She Wants Revenge have never played in Copenhagen before. The newly-ish reformed duo have managed to pull a small but dedicated crowd to Loppen, despite having only released two singles in the last seven years. But everyone dances like they’ve been dancing to these songs with abandon for the last decade plus, waiting for the moment when it was the band themselves playing the songs instead of a DJ.

For a band that established themselves as a duo with a drum machine, She Wants Revenge works very well as a fully-fleshed out rock band. Justin Warfield is a compelling frontman: He has a flare for the dramatic, a voice whose character makes up for a lack of range, and the commitment of a performer who is used to adapting to any room. 

They are also a band that, like so many other Joy Division copycats of the early ‘00s, got better as they moved away from the pastiche. Their live drummer, Jason Payne, is one of those machine-like drummers that, when given the opportunity to cut loose, is really extraordinary to watch. And after so many years of people going crazy for bassists who can play like Peter Hook, more due should be given to drummers who can play like Stephen Morris.

It’s a delight to add any band to the growing masses resisting phoney encores. Warfield makes it clear that when they walk off the stage, they’re done. Their final song, “Tear You Apart,” is another song that benefits from their live arrangement, the added textures of a second guitar and the furious live drumming make the song so much less sterile than the album version. And it’s their their biggest hit; what could they follow it with? But there was an appeal to bring them back, and that the audience bring a friend, so there may be more than those two singles somewhere on the horizon.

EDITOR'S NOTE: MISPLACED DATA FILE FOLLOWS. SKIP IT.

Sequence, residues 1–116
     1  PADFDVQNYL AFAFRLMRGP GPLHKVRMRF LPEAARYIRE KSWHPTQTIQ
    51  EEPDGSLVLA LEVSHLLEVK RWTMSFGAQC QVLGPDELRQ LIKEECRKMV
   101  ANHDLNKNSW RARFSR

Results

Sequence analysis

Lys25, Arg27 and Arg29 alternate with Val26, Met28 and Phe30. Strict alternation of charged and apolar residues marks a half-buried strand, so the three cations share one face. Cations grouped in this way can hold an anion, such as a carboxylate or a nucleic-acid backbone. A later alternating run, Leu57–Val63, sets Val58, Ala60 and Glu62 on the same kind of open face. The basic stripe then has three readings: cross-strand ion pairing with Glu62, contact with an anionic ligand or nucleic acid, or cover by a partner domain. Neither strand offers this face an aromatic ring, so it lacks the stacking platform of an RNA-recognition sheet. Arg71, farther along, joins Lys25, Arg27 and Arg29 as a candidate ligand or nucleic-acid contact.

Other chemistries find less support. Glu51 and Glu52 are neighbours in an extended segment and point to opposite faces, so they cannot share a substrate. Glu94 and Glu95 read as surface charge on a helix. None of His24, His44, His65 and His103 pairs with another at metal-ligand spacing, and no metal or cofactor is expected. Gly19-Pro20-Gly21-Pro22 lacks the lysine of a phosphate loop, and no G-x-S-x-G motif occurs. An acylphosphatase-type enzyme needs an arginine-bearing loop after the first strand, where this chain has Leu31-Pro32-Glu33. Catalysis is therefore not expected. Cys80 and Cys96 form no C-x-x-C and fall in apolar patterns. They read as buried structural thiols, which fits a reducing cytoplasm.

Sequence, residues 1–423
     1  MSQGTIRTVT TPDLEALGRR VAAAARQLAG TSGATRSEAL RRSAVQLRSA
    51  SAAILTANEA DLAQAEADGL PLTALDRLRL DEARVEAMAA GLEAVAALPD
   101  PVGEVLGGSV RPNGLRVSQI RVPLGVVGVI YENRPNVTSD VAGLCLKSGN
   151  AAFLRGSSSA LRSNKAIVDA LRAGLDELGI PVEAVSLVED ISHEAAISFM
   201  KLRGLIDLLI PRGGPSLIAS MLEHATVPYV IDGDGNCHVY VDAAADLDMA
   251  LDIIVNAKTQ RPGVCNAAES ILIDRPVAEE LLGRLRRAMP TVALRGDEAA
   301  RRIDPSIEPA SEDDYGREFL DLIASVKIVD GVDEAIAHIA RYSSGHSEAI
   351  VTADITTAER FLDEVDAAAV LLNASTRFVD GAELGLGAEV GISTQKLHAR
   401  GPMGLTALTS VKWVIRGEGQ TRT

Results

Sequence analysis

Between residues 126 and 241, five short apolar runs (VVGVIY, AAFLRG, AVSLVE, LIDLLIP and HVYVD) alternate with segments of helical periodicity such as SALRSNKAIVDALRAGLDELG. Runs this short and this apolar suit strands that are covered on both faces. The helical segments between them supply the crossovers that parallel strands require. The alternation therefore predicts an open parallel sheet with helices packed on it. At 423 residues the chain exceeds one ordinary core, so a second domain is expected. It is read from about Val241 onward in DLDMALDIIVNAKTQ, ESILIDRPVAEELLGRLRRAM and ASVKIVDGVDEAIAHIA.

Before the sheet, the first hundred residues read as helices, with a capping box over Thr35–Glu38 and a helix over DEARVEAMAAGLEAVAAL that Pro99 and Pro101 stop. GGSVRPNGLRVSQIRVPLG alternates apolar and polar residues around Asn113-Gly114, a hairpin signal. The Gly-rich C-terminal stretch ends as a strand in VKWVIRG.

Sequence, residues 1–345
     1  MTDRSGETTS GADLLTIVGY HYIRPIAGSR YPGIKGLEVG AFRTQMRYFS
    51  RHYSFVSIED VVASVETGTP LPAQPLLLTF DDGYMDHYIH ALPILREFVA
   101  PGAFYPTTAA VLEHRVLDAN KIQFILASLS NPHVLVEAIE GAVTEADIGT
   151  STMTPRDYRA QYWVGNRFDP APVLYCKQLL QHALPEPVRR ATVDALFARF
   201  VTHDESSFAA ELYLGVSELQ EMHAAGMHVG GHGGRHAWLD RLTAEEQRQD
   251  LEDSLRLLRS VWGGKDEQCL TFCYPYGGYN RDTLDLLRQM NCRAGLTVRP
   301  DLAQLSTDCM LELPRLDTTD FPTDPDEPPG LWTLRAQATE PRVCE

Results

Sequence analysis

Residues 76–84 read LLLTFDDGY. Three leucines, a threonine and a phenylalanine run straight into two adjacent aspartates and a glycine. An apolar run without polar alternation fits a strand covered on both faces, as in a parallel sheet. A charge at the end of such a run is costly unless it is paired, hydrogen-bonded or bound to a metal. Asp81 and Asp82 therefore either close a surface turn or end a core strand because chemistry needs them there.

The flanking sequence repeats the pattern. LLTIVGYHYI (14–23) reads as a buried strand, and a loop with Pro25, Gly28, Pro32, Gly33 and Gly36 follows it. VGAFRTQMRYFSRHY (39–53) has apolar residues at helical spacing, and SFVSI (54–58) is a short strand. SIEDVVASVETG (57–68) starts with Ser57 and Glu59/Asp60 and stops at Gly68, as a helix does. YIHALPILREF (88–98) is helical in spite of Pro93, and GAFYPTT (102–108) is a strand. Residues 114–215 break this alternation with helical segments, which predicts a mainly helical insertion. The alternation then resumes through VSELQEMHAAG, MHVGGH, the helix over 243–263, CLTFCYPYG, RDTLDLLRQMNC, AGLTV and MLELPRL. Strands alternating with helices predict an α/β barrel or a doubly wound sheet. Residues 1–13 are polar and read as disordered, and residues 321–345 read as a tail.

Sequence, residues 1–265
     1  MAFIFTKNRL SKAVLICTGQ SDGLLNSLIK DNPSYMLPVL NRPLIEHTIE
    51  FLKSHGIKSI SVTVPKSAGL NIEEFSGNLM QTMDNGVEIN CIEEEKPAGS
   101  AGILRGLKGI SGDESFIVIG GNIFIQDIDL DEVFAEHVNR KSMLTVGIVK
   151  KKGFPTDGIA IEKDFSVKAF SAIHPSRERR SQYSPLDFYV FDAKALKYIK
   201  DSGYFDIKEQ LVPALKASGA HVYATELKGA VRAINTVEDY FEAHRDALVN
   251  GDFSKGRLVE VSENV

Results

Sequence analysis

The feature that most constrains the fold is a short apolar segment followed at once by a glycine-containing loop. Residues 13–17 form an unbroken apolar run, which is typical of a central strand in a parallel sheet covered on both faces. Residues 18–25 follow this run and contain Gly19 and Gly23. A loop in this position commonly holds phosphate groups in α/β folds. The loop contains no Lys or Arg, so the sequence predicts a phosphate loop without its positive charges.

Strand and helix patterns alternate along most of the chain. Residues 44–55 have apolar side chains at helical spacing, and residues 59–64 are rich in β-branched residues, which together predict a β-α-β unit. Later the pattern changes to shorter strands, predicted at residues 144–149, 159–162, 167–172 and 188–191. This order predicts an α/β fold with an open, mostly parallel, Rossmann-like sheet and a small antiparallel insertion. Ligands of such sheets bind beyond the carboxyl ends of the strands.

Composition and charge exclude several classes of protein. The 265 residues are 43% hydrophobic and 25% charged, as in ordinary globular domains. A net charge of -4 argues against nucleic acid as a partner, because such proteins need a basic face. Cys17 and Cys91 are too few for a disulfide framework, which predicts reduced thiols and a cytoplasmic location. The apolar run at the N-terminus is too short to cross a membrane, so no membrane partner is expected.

LIVE REVIEW: Stereolab, Vega, 07.08.2019

in Live Reviews by
Stereolab live at Store Vega, Copenhagen, Denmark

Photos by Amanda Farah

Stereolab are a band that really shouldn’t need any introduction. Their two-decade long career produced ten records that brought together an encyclopaedic knowledge of both avant-garde and pop music to create something new, mesmeric and alien. Exactly 10 years since the haitus brought on by the death of singer Mary Hansen and the breakup of the main driving force of the band, Tim Gane and Laetitia Sadier, Stereolab are back.

The evening opens with a set by local noise act Speaker Bite Me, who have recently had their own reunion after a ten year break. The howling guitar work and heavy drums and bass are elevated from their influences by the vocals of Signe Høirup Wille-Jørgenson, whose impassioned singing style is in marked contrast to the headliners.

Stereolab have a reputation for being more of an intellectual than an emotive band, whose lyrics are more likely to be about boom-and-bust economic cycles rather than love and breakups. But this side of them is balanced by their honed ears for 60s lounge-style melodies and driving motorik rhythms. By the end of the night my jaw is hurting by grinning all the way through the set as the band tear through crowd-pleaser after crowd-pleaser.

Between Sadier on vocals and Gane on guitar, at the centre of the stage keyboardist Joe Watson brings to life the heart of the Stereolab sound, a mix of dreamy Moog synths, 60s organ and semi-modular bleeps on top of which everything else is built. In a live setting the intricate looping bass lines of Xavier Muñoz Guimera are more pronounced, building the momentum alongside Andy Ramsay’s drums.

Stereolab live at Store Vega, Copenhagen, Denmark

Since the death of singer Hansen in 2002 the classic Stereolab overlapping vocals are supplied by Watson and Guimera, who do an admirable job in providing the babbling falsetto underlining Sadier’s cool delivery.

The set is carefully balanced to cover almost all of their records, with slightly more emphasis on their later , more laid-back work, although there are plenty of opportunities for some very vigorous nodding along to “French Disko” and “Ping Pong”. Tonight “Baby Lulu”, from the personally-overlooked Sound-Dust, stands out in its baroqueness, sounding like the next-door neighbour to fellow hauntologists Broadcast, and an incitement to delve ever deeper into the wonders of their catalogue.

1 2 3 84
Go to Top